Globe-Gazette from Mason City, Iowa on February 15, 1937 · Page 8
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Globe-Gazette from Mason City, Iowa · Page 8

Mason City, Iowa
Issue Date:
Monday, February 15, 1937
Page 8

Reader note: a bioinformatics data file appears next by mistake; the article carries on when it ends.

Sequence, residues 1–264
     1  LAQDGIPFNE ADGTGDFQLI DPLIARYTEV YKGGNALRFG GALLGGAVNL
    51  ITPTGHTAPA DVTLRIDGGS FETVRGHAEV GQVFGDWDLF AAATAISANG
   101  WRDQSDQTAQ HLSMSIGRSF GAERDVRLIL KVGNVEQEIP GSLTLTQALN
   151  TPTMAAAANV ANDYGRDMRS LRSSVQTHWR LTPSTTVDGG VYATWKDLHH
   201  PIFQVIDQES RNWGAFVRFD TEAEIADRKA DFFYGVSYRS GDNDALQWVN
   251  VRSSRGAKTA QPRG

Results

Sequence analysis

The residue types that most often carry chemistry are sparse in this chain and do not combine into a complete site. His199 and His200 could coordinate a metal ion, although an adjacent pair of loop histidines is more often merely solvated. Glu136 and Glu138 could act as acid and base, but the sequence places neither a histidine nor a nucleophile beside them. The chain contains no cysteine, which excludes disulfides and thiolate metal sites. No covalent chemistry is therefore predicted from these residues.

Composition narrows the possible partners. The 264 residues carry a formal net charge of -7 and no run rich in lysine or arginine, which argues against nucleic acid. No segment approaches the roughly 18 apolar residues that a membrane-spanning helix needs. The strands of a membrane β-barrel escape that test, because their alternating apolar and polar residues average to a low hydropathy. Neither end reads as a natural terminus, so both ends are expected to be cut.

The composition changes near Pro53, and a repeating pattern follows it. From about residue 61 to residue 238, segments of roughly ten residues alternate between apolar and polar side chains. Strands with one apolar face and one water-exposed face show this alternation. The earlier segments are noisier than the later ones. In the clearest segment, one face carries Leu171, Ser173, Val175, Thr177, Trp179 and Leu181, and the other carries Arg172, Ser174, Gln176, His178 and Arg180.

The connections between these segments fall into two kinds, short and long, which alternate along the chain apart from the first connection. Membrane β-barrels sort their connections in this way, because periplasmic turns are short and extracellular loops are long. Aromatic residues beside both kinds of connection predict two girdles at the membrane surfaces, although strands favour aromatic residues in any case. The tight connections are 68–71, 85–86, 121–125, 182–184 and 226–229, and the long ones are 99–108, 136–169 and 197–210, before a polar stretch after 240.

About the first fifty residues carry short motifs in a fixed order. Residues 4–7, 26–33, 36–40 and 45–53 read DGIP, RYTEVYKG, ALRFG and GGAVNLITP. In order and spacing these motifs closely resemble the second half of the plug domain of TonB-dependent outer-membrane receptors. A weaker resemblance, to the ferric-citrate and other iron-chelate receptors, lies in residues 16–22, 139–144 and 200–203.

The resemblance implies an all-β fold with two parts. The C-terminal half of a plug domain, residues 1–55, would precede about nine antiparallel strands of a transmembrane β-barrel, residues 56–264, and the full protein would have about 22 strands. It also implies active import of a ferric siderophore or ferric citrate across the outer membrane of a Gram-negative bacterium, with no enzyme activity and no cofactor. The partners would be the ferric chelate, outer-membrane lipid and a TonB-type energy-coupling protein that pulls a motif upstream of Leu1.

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EIGHT MASON CITY GLOBE-GAZETTE, FEBRUARY, 15 1937 PEDESTRIAN IS STRUCK BY CAR McAllister, Emmetsburg, . Hurt 2 Years Ago in . . Similar Mishap. . · E M M E T S B U R G--"Sherman "Mickey.".McAllister, Emmetsburg laborei, was injured Saturday night when struck by a car driven by Jack McGuire of Emmetsburg west of here on Highway 18. McAllister was walking on the road in the path o£ the car and the accident was said to be unavoidable. He suffered face and head lacerations and was bruised on the body. Brought to the Palo Alto hospital here, he was given first aid treatment and later removed to his home. McAllister was injured seriously two years ago in a similar accident as he walked along the highway. Iowa Auto Toll Drops KANAWHAMAN DIES SUDDENLY Funeral for Osby, 36, to Be Held Wednesday at, Church. KANAWHA--An a t t a c k of heart disease was fatal to Endurud Osby, 36, Sunday in Kanawha, after he had been ill but two hours. Mr. Osby, who would have celebrated his twelfth wedding anniversary Thursday, had been employed for ,the past two years in the Kanawha creamery. Surviving are his wife and four children, Gordon, Lois, Eugene and' Paul; his. mother, Mrs. Guunar Osby, and one brother, Ras, of Blooming Prairie,' Minn. · Funeral services will be held Wednesday · afternoon at 2:30 o'clock at the Lutheran church. This map indicates the gains -- and losses -- in the nationwide campaign, now being waged in behalf of greater highway safety. The period covered comprises the first eleven months of 1936 as compared with the first eleven months of 1935. first Meeting Held. LITTLE CEDAR--Fifteen 4-K girls of Liberty township held their first meeting with their leader, Mrs. Eugene Barker, at the high school Friday. It was voted that they retain their old name . o f ' "Merry Maids." Evea -Baring was elected president; Gloria Decker, vice president; Mildred Penney, secretary; Beda Elliott, treasurer; Frances Elliott, reporter and photographer; Phyllis McSweeney, historian. Former Resident Visitor. WODEN--C. A.' Lawler, former elevator manager, c a l l e d on friends in Woden Friday. Mr. I/awier has been visiting rela- · -tive's in., New York the past six -months-- rancl- -is - -spending -" some time, at the home of his daugh^ ter and family in Wesley before returning to his home in Minneapolis. ' Infant Son Buried. KANAWHA--Funeral services were held for Charles Frederich Goodrich, infant son of Mr. and Mrs. John Goodrich, at the Goodrich home Friday afternoon. The baby was born Wednesday morning in a hospital at Mason City and died Thursday morning. Burial was made in the Kanawha cemetery. indicates DECREASES in automobile fatalities, . - V INCREASES " '-" NO C H A N G E " * lack of adeauatc data for comparison RITES HELD FOR PLYMOUTH BOY Members of B a s k e t b a l l Team Pallbearers for Ernest Carmany. PLYMOUTH--Funeral services tor Ernest. Carmany, 16, son of IVIr. and Mrs. Dewey Carmany, who died at a Mason City hospital Wednesday afternoon, were held at the M. E. church at 2:30 Saturday afternoon, the Rev. T. C. Collister officiating. The choir consisted oE Miss Bortner, Miss Christiansen and Elwin Kugler, members of the school faculty and C. R. Lamson with Mrs. Edward Brand accompanist. The following members of the basketball team on which Ernest played guard, acted as pallbearers, James Woodhouse, Lloyd Woodhouse, Lester Chehock, Page Reynolds, Dale Helm and Norman Rezab. Burial was in Oakwood cemetery. Infection resulting from an injury caused the death of the boy. Statistics for 28 States Show .4 Per Cent Decrease Report Compares First 11'" Months of '36 With Those of '35.' According to data released by the Iowa State Safety council, automobile fatalities during the first 11 months of 1936 in the 28 states in which statistics are available total 13,527 as compared with 13,580 for the same period oE last year, a decrease of only .4 pel- cent. The Iowa decrease was 9 per cent. The following tabulation shows fhe standing of the .reporting states as to per cent of decrease or increase: Decreases Jan. Nov. State 1335 District of Columbia 91 New Hampshire .... 106 Connecticut 427 Maryland 479 South Dakota 129 Iowa 513 New York . .. : 2,605 North Carolina 980 Virginia 752 Utah 165 Maine 197 Declam Winners Named. ELMA--The declamatory contest was held in the high school auditorium. There were nine entries. Winners were: Oratorical Evelyn Schrooder; dramatic, Marjorie Carter; humorous, Duane Hayes. Miss Mabel Schuller of Cresco was judge. . No Change West Virginia 459 Increases Kansas 517 Colorado 328 Indiana 1,081 Massachusetts 684 Oklahoma 543 Wyoming .'. 3S Montana 143 Pennsylvania 1,759 Vermont 87 Arizona 194 Idaho 132 Rhode Island 81 Washington 467 Delaware 62 South Carolina 260 Oregon · 233 Jan. Nov. 1936 71 91 378 427 115 473 2,372 904 708 159 193 459 520 334 1,128 714 564 103 151 1,870 92 208 142 90 533 79 339 310 Algeria Is Starting Plans for Gladiolus Show on Aug. 10, 11 ALGONA--Plans are made and the date for the first annual gladiolus show has been'set for Aug. 10 and 11 at Algona in which anybody in the state is eligible to exhibit. W. W. Gillespie, president 01 the Algona gladiolus society stated that persons raising only 15 varieties had as good a chance of winning as those raising 500 varieties. A special meeting has been called for March 16 here with J. B. Wingert, horticultural specialist from the extensioin department of the Ames state college and Mr. Groves, floral expert from Ames, to give talks on recent developments of gladiolus. A business meeting will follow. The original idea of the local society to plant all intersections between the sidewalks .and the street along State street with gladiolus bulbs is awaiting action of the city council. If the council disapproves, the idea will be given up eritirely. Several .srganizations such as the Rotary club, Kiwanis club, Chamber of Commerce and various growers are supporting the show. That last battle in Madrid was tough one. One loyalist, leader had three desks shot from under his feet.--Waterloo Courier. GUS COLBERG SHOOTS SELF Aged Dows Farmer Was in Poor Health, Worried Financially. DOWS--Gus Colberg, a farmer who lived about 7 miles southwest of Dows, killed himself and his body was found in his barn Sunday morning. Near his hand was his revolver. His brother-in- law a n d - h i s . son found him. He was 70 last October. He had been suffering with rheumatism^ foi many years and had many financial reverses that worried him,, ii was said. He leaves his wife and four sons. The sons are Arthur Colberg.of Minnesota, Ralph Colberg of riear Clarion, Ray and Stanley Colberg of Dows. Coroner H. P. Walker of Clarion investigated. Machine Is Seized. DUMONT--Butler county Sheriff Frank Neal and Deputy Sheriff Hickle raided the beer parlor and eating place operated by Harry Card Friday evening anc confiscated a dice gambling machine. Injured in Fall. SPILLVILLE -- John Wagnei had the misfortune of breaking his arm-in a fall on the icy walk ·Have Beautiful Hair Color Ttt Belter Rinlt PHONE 793 MERKEL'S BEAtmf SALON Promoted Between Sessions chleuter Is Head o f . . Cresco United Shippers CRESCO--Henry Schleuler was e-elected president of (lie United hippers of Cresco at their annual meeting Saturday afternoon. Oth- r re-elections- were Charles Curis, vice'president; James Svoboda, ecretary; James Svoda, J. E. Frn- el and William Stopperan, direc- ors .to succeed themselves. Direc- ; holding over are Ray Web- Dream of many a state representative is to make the grade as an Iowa senator. Many a representative trietl it last election but only two succeeded. Senator C. Colfax Smith of Clarksville (left) and Senator Sanford Zieglcr, Jr., of Fan-field. Priebe Again Head of Loherock Conservation LONEROCK--The conservation league held an oyster stew and meeting at the-local-hall Thursday evening when 130 attended. The membership is now 124. Arthur Priebe was re-elected president; Harlan Blanchard, secretary and treasurer. Speakers were Joe Lowe and Game Warden E. V Pierce of Algona, and Hollis Trainer of Burt. Move to RocUford. WHEELERWOOD-- Mr. and Mrs. Lawrence Miles. and familj moved from their home north o Wheelerwood Thursday to theit new home near Rockford. These two-words spell last minute millinery NEWS . . . expressed in two young felt suit , hats-just over from Paris-sparkling new-new hats for now. ber, William Schleuter, Will Wilson, Mullen, Henry Charles dUl L ItH l*-i . T i n * .-.v. 1 - MI Curtis and W. R. Ashley. The an- V( nual report shows livestock shipped last year were 549 cattle; 1078 calves, 820 sheep and 11,960. hogs. For these, their customers were paid $287,05G.55. Dividends paid $1,940. Men have been known to go places by keeping in a rut.--Fountain Inn Tribune. NOT YET READY FOR FULL-GROWN FOUNDATIONS O R 9 5 T O B-Y C A R T E R *1.5O lack TWO STYLES ^tntltt and Girdlet 1 1 5 L B . G I R L S They've a feather-light touch) these persuasive "Lastex" underthings, but they make a world of difference in youngsters' poise and posture. Unruly tummies and over-developed rears fall into line, yet there's no hint of heavy-handed control. The youngsters themselves feel free as air. Soft, light, durable, washable, "Firsts" are the perfect answer to the figure problems of developing girls not yet re.idv for grown-up foundations.- Mail and telephone orders t. 1J37. R, 3. RajnaTdJ Tobacco Campia?.. Wtnitaa-Siteta. Karth C««Hni HAPPY RELIEF FROM PAINFUL BACKACHE Caused by Tired Kidneys Many of I hose Rrnnyfnj;, nngains, painful buck ache? people blame on colua or otrnins arc nflen caused by tire'l kidneyft--nnil may bo relieved ivhcn treated in thn richt way. This kidneys are Nature's chief way of inking exceai acids anil .poisonous n*A.itn nut of tlir. blood. Most peoptn pn:s about 3 pints R day or about 3 poHniJN of n'aatp. If the 15 miles of kidney tuben nnd fiUcm don't ivork well, poiaonouB waste mutter atnya n the blood. The^e poisons may Mart .Climatic paina, lumbago, loss of . backaches, rhe , ._ ,,_.,,, ------- BV1 .,,.,,, pep and energy, getting up nighta. nwetlu. R , puffi ness under theeyca.headachesand dizziness. Don't ivaitl Aak. your druBgist for Doan'a Pills, used successfully by millions /or over 40 years. They give'happy relief and will help the 15 miles of kidnoy tubes flush out poisonous fc'aate from the blood. Get Doan's Pills. ANOTHER BIG EVENT AT DAMON'S COMING SOON I 400 Attend Wesley Creamery Sessions; Directors Elected WESLEY--The Wesley Farmers' Creamery company held the annual meeting Saturday beginning with a free lunch served by the association to stockholders, patrons and their wives, who responded to the number o£ about 400. The meeting was in charge oE President .Torgen Slcow, who introduced Harry Bode ot near Algona, who gave an address. Mr. Bode, well versed in co-operative dealings in both cotinly and state, commended the creamery.- Vincent Daughan read the secretary's report and Hie treasurer's report. The buttermilk was auctioned oft by Olaf Funnemark. Tom Forburger bought the Tuesday's churning for 75 cents a hundred gallons and James Brophy- bought the Thursday churning at 30 cents a gallon and Saturday's churning for SI.11 a hundred. Three directors were re-elected, Jorgen Sko\v, Alf L. Studer and Simon Hirner, each for a two year period. Other officers are: John Loebig, vice president; Alt Studer, treasurer and directors; Anthony Ostercamp, John Arndorfer and Henry Haverly. Paul G. Engen is buttermaker with Ralph Flehler assistant. Maurice Olson is in charge of the locker system. The total butter churned amounted to 375.743 pounds with a value of $120,461.27. The patrons received 36.46 cents a pound tor butterfat. "My cigarette meant a world of comfort to me/ 1 says spunky girl reporter "TT was a breathless dash," said Miss Dorothy Kilgallen, JL back at work (left) after finishing her assignment to fly around the ·world in record-breajcing time. (Right) Her arrival at the Newark Airport. "I snatched meals anywhere," she says, "ate all kinds of food. But Camels helped me keep my digestion tuned up." Camels speed up the flow of digestive fluids--increase alkalinity. 55,000 Pound Gain for Calmar Creamery CALMAR--Patrons o£ the Calmar Creamery company were paid 36.73 a pound for butterfat in a report made at the annual meeting. During 1936 the report showed 458,209 pounds of butter were manufactured which is a gain of 55,000 pounds over the 3935 year. Officers elected were: President, D. J. Falness; secretary and manager, A. A. Olson; auditor, L. A. Candie; directors, Tom Erland, J. J. Frana, Ed J., IT, M. Bjonerud, and Steve Frana. Henry T.jclslul was rehircd as but- termaker. '·l : 'S.-v^« : ::/s.-^«»* ^^ i :^mi:-s^ TUNEINEVER¥TUESDAYN!OHT-Hcar"Jack Oakie's Coll tRe"--a fall-hoar gala show with Jack Oakie in person) Brflny Goodman's "ST7ifl/t"Bafld! Hollywood comedians and sioeitig siarsl Special college omareur falenc every week! 9:30 pm E.S.T., 8:30 pm C. S.T.. 7:30 pm M.S.T., 6:30 pm P. S.T., over WABC- Columbia Network. WHAT A PHYSICAL TRAINER thinks oa the subject of smoking: "Sure I smoke," says Bertel Arnberg. "Camels help my digestion--I can feel a sense of ease and well-being after enjoying Camels with my chow." INFORMATION WANTED QUICK! Ray Jones answers rapid-fire questions in Grand Central Terminal, New Yoik City. "A tough, nerve-racking job," be says. "Smoking Camels helps keep my digestion on the right track." "THE SMART NEW TOUCH is to have Camels on the tablefromhorsd'oeuvrcs till dessert," says Dorothy Malone, food editor. "Smoking Camels with my meals and afterwards contributes a world of extra pleasure to eating." ABOUT TO "SHOOT" AN OIL-WELLl B. C Simpson says: "I get to fccliog tense--anyone would, working · around T. N. T. But I don't let that interfere with my eating. Camels have -what I like --they help digestion." - - - -